He works on a pig bench which is a good idea but here's the big deja-vu surprise for me - he's doing it much like I was doing it in 1982 when I was told off by the teacher and shown how to do it properly! He's even slouching side-saddle the same, which is not good - it has to be astride. He's also prying & levering away frantically in all directions probably more than doubling the work time. However he does recognise that levering can damage the edge of the mortice.

n.b. a reminder - what you do is chop the mortice complete, through the chippings, chisel vertical all the time one thin slice off the face of the previous cut, and only when finished tap out the chippings, or prise them out if any left - perhaps with a smaller chisel to avoid damaging the edges.

So far only Corkhill & Lowsley have shown a picture of how to do it and Ellis gives a reasonable description. Haven't seen a vid worth looking at but no doubt they are out there somewhere!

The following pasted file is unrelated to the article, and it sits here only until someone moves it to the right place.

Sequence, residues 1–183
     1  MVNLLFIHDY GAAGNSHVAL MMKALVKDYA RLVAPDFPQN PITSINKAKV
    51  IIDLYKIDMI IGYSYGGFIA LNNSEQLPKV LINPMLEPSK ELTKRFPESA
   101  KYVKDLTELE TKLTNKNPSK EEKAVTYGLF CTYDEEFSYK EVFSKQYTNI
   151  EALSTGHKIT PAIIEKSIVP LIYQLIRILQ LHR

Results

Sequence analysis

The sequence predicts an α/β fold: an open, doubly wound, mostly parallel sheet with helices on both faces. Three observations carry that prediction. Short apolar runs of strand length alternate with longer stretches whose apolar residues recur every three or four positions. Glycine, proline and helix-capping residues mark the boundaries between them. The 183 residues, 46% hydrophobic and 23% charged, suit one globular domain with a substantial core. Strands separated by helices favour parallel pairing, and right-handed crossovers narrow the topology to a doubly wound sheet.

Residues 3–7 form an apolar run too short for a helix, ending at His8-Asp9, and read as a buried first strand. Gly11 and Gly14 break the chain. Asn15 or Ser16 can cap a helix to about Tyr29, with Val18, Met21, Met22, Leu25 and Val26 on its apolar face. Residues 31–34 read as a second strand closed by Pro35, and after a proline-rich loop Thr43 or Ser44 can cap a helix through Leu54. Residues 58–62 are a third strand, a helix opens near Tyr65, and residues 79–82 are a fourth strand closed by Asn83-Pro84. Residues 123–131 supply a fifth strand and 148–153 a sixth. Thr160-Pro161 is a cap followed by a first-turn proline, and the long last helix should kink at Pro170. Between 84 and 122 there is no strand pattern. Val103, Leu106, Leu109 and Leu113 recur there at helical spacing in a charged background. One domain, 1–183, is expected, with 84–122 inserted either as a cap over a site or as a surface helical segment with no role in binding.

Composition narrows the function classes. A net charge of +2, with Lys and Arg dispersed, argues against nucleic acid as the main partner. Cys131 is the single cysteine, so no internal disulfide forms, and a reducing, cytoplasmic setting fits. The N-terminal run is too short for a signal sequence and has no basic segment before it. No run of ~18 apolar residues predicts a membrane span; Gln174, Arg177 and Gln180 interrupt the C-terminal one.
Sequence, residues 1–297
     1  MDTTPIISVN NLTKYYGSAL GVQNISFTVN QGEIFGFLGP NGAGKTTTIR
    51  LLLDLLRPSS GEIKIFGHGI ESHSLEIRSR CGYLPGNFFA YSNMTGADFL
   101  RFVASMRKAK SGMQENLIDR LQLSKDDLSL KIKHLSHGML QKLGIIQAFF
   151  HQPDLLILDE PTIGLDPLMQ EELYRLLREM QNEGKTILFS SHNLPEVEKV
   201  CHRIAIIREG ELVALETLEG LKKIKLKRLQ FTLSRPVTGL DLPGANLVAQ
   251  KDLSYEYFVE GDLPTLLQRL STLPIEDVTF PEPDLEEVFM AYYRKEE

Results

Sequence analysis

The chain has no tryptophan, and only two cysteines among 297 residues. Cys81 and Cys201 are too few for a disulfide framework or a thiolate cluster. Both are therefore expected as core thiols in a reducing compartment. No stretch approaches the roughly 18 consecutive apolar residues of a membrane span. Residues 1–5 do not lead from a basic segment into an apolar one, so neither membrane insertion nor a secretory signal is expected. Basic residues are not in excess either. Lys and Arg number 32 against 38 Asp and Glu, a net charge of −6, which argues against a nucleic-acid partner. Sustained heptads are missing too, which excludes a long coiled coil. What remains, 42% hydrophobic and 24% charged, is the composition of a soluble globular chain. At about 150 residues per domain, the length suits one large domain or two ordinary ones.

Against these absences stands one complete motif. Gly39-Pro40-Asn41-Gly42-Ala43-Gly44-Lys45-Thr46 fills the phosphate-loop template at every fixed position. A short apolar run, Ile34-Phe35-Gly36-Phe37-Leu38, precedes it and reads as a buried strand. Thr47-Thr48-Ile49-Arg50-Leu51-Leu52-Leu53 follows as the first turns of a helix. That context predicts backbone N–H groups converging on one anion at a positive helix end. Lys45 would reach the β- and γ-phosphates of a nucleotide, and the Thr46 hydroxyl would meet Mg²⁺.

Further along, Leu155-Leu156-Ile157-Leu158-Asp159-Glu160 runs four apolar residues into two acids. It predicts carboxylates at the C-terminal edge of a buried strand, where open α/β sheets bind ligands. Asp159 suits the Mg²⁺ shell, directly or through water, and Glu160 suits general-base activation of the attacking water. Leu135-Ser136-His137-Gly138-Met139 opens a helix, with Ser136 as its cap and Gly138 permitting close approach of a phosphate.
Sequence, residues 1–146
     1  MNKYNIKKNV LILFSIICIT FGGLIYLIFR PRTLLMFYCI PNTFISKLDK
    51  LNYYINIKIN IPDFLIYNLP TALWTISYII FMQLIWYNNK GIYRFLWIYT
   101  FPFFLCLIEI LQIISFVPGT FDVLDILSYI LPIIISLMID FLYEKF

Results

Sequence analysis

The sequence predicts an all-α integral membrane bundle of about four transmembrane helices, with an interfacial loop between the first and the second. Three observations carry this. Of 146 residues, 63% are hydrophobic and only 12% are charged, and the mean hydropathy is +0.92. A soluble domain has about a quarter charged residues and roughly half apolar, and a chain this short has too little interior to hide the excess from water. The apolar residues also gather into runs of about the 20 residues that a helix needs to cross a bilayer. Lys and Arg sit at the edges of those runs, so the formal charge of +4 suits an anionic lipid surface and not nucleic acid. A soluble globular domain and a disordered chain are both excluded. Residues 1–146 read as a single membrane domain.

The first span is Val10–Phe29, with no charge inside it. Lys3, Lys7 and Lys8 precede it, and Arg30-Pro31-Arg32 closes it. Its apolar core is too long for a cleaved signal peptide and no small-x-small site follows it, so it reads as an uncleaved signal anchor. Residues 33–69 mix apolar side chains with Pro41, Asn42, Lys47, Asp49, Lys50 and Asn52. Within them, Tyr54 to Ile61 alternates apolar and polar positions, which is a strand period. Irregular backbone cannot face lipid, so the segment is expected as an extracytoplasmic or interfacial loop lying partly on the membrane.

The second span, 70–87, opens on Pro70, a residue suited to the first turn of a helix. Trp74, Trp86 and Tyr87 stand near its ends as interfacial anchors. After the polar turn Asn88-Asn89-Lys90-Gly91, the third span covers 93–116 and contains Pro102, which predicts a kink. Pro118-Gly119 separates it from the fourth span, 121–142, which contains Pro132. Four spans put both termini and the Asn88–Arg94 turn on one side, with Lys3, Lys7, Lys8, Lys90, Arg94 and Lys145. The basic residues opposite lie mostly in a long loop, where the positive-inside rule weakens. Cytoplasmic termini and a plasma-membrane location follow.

View attachment 131657

PS Picture here of our man doing a mortice badly (3rd from top on the left.)
Actually there are plenty of other interesting things in the book but it's a touch self important, not to mention expensive.

Make a video jacob. I can tell your tires get more pressure in them each time you congratulate yourself about technique.
 

D_W

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I have a distaste for sellers as I doubt he ever actually did any fine work for income, but...

....I went and looked at his video about making mortises (he rides the bevel) and I have to admit other than the presentation being a little bit too deliberate (he is teaching beginners after all), his mortise method is fine.

I don't know why he feels the need to flip the chisel to the flat back to trim the ends (they can be done bevel against the ends as well as they can any other way - no need to waste time turning the chisel over), but that's small details.

he doesn't get stuck having to explain away the tall height and rounded top of oval bolstered chisels like someone who thinks the bevel should face the open side, and he removes the chips while creating the mortise (which is something anyone with a small amount of sense would figure out pretty quickly).